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After each course, we went back to the dinner table to sample our cooking. Janice and I had eaten fruits and tidbits at the market so we didn’t start off with an empty stomach.

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Lucky we had Jo there to help us finish our food.

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Janice bought some smelly durian from the market.

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It stunk up our hotel room and Jo, inspired by the kickboxing fight decided to kick her butt.

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That evening we headed to the night bazaar where we picked up some choice souvenirs.

 

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It was also the evening that we discovered the best Roti pancakes in Chiang Mai.

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We had them with nutella, banana and condensed milk. Yummmm killer calories!

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The next was an early start, a venture into the hills of Chiang Mai for some elephant trekking and water rafting.

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While the elephants were beautiful and well cared for, riding on them wasn’t the most comfortable as the seats were makeshift saddles providing us with little support against any sudden movements.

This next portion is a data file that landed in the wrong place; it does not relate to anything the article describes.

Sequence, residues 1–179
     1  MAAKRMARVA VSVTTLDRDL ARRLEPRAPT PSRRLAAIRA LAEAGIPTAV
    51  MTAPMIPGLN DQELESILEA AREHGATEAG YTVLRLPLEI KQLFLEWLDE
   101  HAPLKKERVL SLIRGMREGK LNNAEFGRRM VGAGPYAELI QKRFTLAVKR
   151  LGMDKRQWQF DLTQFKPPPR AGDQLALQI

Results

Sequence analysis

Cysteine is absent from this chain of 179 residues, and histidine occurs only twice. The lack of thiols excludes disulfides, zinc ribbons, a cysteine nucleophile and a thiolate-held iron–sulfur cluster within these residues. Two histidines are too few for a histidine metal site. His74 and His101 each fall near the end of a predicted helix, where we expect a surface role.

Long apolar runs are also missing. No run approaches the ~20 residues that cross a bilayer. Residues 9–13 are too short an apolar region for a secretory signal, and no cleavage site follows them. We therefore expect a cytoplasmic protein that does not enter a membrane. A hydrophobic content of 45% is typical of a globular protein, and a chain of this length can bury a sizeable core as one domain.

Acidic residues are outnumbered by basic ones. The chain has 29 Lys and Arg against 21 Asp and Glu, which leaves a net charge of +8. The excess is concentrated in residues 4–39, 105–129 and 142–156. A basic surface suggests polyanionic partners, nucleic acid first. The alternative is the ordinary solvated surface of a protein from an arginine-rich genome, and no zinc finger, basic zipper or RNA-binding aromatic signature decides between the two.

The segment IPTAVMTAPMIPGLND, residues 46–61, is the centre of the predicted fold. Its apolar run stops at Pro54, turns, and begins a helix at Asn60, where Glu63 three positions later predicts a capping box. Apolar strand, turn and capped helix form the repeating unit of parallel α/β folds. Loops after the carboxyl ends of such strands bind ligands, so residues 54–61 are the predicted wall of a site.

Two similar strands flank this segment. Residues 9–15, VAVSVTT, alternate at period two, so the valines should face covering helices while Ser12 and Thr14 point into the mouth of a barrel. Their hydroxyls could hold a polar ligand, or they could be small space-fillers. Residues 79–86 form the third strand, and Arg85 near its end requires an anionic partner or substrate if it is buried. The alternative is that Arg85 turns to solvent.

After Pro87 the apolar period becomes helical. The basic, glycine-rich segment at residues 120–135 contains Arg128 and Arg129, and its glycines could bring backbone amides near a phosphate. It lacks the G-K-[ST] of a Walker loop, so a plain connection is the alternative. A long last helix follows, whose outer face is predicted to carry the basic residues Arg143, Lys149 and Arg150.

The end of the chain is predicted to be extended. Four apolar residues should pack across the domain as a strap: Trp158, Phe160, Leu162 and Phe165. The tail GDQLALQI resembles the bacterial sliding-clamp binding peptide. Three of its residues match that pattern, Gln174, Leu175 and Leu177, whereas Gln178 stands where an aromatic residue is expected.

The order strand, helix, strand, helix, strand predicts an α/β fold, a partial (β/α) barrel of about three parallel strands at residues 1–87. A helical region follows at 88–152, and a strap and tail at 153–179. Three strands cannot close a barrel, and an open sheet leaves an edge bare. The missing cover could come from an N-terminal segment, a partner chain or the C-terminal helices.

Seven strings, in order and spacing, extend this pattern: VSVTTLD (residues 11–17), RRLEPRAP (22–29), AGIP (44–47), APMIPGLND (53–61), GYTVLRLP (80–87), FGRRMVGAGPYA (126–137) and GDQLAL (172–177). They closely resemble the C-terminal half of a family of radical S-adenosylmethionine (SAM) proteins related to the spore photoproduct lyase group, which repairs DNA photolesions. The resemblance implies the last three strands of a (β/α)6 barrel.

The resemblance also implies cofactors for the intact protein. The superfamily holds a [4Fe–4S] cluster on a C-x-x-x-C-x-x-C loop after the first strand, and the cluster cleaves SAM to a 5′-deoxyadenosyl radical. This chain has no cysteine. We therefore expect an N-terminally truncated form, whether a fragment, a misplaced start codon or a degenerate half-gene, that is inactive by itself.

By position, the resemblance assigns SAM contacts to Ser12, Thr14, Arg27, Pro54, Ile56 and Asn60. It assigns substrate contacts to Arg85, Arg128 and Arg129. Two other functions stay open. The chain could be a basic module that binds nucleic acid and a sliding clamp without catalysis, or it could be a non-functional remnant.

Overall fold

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I didn’t relish the thought of the elephant tripping and falling over, bringing me crashing down with it.

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I was much more comfortable when we were on the ground again, trusting my own two feet to take me through the hills.

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Not all of us was as comfortable as I was on my two feet, or perhaps Janice chose that moment to hone her break dancing skills.

It took us 45 minutes of navigating our way through the sticky, humid hills and it was worth it when we reached our final destination.

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That evening, we found ourselves at an all you can eat shabu shabu restaurant. Clearly we thought our day’s efforts meant we deserved to stuff our faces. We had two types of soup (tom yum and clear broth) and chose our selection of food from a conveyor belt.

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We walked around the night bazaar again and discovered parts of it we hadn’t seen before.

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On our way back, we stopped at a bar we had seen the night before. It was a pop up bar and Ben was a lovely Thai woman who could make over 40 different cocktails.

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It was pretty awesome. My favourite cocktail was the pink lemonade.